‘Children Need to Know': Holocaust Survivor Shares Story for Future Boston Holocaust Museum

Holocaust survivor David Schaecter, now 93, was asked one thousand questions to help create an interactive experience at the future Boston Holocaust Museum, an effort to keep his story alive for future generations

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Friday marks Holocaust Remembrance Day, and this year work is underway to open a Boston Holocaust Museum by 2025.

Around 6 million European Jews were killed in the Holocaust. Tens of millions of people were killed in World War II, which lasted from 1939 to 1945.



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A key part of the experience will be that museum-goers will be able to ask direct questions to a hologram-type image of a Holocaust survivor. The recording sessions for "Dimensions in Testimony," an interactive biography using innovative technology to let people ask questions of survivors even after they've perished, are underway this week in Miami.

Holocaust survivor David Schaecter, now 93, was asked one thousand questions to keep his story alive for future generations.

"We're going to be living in a world without survivors. And that direct connection between a survivor and a student, that human connection that forms in a natural conversation is something that the world is going to be missing," explained Ryan Fenton-Strauss, director of media services at the USC Shoah Foundation.

"Children need to know history and children need to know that there's so much ugliness that exists," Schaecter said.
"They need to know that what they hear is so unbelievably real. And they need to take it to heart. "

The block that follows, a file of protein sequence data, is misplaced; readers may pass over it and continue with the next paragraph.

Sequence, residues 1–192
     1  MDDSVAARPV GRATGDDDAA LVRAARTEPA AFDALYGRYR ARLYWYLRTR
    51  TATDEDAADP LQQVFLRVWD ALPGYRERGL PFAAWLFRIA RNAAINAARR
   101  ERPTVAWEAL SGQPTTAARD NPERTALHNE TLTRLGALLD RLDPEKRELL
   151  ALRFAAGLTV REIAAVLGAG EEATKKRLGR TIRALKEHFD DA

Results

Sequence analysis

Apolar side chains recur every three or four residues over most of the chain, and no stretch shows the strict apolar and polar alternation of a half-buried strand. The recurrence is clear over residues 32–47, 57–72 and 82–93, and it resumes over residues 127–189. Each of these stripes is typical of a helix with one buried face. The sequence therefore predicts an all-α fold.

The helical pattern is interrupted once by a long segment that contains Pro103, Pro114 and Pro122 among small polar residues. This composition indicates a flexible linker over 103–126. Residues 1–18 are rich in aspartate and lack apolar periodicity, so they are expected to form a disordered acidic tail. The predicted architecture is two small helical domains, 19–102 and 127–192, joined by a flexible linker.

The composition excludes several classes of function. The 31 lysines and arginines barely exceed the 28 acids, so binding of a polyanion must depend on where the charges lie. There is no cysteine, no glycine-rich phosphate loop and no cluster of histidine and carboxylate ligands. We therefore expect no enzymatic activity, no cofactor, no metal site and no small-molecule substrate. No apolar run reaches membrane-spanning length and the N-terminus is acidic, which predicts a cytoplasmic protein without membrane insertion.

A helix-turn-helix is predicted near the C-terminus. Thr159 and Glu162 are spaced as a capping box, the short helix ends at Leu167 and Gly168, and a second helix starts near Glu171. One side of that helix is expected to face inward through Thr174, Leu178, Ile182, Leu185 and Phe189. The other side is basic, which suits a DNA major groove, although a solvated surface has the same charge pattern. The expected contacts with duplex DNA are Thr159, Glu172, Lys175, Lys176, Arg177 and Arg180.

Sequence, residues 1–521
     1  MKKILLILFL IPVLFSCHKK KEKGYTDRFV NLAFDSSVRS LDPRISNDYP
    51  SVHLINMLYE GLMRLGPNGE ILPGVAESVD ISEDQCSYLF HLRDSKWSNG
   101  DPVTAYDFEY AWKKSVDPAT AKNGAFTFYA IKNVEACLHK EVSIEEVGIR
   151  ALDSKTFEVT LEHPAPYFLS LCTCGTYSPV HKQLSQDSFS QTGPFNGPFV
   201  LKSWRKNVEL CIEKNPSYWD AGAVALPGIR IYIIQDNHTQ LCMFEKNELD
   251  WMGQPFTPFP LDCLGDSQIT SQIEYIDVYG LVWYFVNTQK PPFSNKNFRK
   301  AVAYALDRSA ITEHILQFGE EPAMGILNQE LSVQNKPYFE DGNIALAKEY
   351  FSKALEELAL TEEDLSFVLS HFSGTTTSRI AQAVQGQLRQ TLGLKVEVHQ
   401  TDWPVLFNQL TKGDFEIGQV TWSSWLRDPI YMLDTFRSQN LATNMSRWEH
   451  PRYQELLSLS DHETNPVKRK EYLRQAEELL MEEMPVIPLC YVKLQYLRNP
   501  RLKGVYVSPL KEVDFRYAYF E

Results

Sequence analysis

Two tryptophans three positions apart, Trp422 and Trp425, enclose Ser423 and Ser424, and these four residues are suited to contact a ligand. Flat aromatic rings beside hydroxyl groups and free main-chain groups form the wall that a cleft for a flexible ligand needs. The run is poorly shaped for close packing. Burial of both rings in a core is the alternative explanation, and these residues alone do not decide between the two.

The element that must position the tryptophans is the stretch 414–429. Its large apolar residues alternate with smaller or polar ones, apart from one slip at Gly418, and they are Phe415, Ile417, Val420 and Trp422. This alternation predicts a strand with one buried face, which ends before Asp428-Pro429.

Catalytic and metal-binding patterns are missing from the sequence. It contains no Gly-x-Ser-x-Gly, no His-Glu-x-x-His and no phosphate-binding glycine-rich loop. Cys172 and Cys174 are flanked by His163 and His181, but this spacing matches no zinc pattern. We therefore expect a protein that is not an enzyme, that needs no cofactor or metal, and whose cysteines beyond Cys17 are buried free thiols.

Schaecter was born in Czechoslovakia. He was in Auschwitz and three other concentration camps - the only one of his extended family of about 100 to survive the war.

"This is what I think I was destined to do," he said.

"This is not an easy task that we're asking David to go through. He’s going to relive his experiences," Fenton-Strauss said. "The goal is to get out every detail, and then we break that down into very specific questions so that later on, when somebody is able to ask a question, they can get a very specific response. So it feels like an organic conversation."

"I want these children to become my mouthpiece. I want them to tell a story that they heard. Me telling them. When I'm no longer. And that's my purpose," Schaecter said.

Boston Holocaust Museum co-founders Jody Kipnis and Tood Ruderman traveled to Poland with Schaecter five years ago. They were deeply moved and inspired by his interactions with students. That connection led to this project.

The museum is expected to be built along the Freedom Trail on Tremont Street. They're aiming for an opening date in October 2025.

Keeping stories of the Holocaust alive are more important than ever as authorities report an uptick in antisemitic incidents. In this year's annual audit of antisemitic incidents by the Anti-Defamation League, they found a 34% increase in reports of assaults, harassment and vandalism against Jewish people in 2021, and a 42% increase specifically in New England.

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